Vegetarian Discussion: A Summary Of Where Things Stand In This Newsgroup, As Far As I Can See

A Summary Of Where Things Stand In This Newsgroup, As Far As I Can See
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Rupert
2008-09-02 21:06:27 EST
A number of people have accused me of a lack of clarity or coherence
in my position. Derek has said I am "all over the place", Ball has
said my position is "an incoherent slop", and Dutch has said that it
is "unintelligible."

I actually believe that I have held a position which is coherent, has
remained constant in its broad outlines over the years and that I have
not done a worse job of explaining it over the years than anyone else.
However that may be, if my ambition is to communicate effectively I
evidently must put more effort into making my position clear.
Unfortunately I cannot do that right now because my thesis is due at
the end of November, but I plan to write an essay about ethical
vegetarianism after that in which I will attempt to make my position
clear and defend it.

Once I made the statement that the nonhuman animals in crop fields
have a right against us that we reform our system of agriculture so as
to cause less harm to them, but that nevertheless I am still morally
entitled to buy the products of plant-based agriculture in its present
form. Dutch criticised this position as hypocritical. It would appear
that he has more recently retracted that. He has said that Ball is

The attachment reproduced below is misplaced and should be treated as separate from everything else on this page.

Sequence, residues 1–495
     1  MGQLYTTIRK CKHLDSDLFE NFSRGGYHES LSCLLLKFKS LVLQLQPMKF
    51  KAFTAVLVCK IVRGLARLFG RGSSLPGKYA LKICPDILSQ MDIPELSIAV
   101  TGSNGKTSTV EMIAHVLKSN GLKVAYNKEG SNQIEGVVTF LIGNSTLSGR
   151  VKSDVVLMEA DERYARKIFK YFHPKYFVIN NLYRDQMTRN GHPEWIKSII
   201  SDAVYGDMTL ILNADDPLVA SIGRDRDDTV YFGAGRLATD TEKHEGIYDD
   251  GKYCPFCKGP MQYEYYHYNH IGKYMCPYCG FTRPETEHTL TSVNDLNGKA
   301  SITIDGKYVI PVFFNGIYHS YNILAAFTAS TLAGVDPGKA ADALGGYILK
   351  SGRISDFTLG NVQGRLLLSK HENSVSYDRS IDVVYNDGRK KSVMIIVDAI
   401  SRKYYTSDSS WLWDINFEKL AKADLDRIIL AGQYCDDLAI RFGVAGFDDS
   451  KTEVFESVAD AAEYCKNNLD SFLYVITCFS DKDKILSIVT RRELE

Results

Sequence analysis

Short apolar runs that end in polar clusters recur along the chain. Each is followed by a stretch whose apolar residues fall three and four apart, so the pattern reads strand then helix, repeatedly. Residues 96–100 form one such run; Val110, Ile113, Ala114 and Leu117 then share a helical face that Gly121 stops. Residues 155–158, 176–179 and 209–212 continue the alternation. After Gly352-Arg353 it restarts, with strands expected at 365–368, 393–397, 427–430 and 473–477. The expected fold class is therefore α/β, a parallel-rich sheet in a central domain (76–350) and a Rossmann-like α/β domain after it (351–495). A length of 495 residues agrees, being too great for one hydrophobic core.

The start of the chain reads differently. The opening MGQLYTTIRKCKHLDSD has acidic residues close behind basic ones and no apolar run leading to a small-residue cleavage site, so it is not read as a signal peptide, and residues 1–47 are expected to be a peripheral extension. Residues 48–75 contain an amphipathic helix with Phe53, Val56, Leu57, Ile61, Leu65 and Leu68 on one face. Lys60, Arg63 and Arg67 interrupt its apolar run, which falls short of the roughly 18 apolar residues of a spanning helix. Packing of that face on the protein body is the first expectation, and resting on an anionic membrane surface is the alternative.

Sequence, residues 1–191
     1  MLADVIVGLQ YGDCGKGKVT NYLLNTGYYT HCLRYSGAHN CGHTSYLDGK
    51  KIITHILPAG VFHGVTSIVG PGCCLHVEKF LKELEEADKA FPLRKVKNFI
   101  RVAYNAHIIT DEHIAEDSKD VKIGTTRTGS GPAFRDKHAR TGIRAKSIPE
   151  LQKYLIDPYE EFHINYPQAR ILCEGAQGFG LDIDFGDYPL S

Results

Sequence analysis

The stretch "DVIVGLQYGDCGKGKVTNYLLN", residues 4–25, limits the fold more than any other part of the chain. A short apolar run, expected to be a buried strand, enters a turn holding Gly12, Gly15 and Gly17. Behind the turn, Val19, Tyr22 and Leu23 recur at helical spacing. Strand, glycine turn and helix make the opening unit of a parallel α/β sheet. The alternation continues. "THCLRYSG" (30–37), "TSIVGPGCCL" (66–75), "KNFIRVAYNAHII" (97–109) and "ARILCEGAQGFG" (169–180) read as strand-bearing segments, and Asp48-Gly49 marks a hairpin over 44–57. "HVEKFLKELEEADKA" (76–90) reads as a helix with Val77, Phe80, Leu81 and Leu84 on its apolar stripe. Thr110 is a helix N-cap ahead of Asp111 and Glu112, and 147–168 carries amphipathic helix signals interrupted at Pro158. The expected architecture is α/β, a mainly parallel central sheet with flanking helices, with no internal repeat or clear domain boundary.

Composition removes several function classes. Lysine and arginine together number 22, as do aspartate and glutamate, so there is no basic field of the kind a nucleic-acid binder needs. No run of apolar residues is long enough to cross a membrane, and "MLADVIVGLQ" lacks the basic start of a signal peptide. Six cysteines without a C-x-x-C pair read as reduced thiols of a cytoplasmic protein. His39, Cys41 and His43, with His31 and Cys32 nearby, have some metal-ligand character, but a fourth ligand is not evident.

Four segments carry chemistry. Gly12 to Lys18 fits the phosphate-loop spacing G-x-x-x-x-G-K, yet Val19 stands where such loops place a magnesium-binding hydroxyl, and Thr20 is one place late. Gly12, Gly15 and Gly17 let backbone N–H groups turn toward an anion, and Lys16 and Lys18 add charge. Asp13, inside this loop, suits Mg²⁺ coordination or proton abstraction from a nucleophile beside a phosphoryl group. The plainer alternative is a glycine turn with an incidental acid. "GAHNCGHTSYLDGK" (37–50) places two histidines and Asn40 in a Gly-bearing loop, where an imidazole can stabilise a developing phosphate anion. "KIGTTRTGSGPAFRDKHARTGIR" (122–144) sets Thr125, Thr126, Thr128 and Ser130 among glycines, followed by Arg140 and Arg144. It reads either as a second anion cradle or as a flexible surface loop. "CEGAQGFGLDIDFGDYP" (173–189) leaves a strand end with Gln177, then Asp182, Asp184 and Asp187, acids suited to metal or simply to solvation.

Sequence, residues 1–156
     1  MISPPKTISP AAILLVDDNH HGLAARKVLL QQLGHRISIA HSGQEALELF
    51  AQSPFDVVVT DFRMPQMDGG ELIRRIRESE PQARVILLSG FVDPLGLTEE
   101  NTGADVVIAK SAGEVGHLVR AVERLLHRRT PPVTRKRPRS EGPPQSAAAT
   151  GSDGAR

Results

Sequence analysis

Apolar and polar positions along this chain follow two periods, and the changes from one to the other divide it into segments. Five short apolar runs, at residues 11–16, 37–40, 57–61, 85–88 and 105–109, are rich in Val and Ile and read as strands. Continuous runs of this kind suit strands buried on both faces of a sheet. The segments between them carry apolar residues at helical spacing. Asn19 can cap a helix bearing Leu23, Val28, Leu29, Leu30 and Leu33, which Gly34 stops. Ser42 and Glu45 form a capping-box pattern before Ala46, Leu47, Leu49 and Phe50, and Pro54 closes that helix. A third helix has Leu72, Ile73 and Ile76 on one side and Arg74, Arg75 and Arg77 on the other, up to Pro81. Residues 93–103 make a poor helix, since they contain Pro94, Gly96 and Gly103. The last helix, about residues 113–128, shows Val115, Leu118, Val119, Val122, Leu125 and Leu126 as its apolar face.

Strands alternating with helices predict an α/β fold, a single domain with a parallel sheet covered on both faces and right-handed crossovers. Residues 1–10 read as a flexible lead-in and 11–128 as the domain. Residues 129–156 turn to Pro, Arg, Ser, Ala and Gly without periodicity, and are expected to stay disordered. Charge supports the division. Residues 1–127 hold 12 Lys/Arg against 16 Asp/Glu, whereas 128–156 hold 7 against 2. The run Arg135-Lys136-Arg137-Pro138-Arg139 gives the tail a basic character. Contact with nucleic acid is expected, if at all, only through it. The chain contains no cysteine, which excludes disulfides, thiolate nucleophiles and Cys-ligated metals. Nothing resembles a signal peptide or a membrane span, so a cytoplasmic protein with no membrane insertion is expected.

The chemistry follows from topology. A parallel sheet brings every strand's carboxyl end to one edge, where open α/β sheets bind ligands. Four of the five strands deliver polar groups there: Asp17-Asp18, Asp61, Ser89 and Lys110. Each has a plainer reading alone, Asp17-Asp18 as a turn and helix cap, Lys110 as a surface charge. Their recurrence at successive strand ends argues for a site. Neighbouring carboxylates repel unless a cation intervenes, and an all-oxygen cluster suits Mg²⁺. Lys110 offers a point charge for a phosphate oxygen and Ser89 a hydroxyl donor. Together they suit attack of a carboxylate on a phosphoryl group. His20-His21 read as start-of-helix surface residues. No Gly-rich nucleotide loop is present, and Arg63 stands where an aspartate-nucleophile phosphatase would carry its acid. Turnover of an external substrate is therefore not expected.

morally entitled to pay taxes in the United States, even though he
thereby financially contributes to some activity which violates the
rights of human beings, because the burden of avoiding doing that
would be too high, and he appears to accept my contention that, by
analogy, the position of mine discussed above is consistent.

I would be kind enough to agree that Dutch has not done such a bad job
of presenting a coherent position clearly. We could ask for more
clarity about the details, as we could with my position. I cannot
offer any reasons at the moment why my position should be preferred,
(or why Dutch's position should be preferred), so I will think the
matter over more and see what I can come up with, if anything. Dutch
has likewise recently stated that he has "no critique of my position",
although he finds what I say to be "unintelligible".

I do not think that Ball has done very much at all by way of
presenting a coherent position. He has made the statement that
nonhuman animals don't have *any* rights, but he has also more
recently stated that there are some moral constraints on how we may
treat nonhuman animals and I think he also believes that it is
sometimes permissible to use force in order to see to it that those
constraints are not violated. Well, this is not consistent. An
individual A holds a moral right against a moral agent B that he or
she refrain from doing X if it is not morally permissible for B to do
X, and if it is morally permissible for A (if A is also a moral
agent), or a third party, to forcibly prevent B from doing X. That's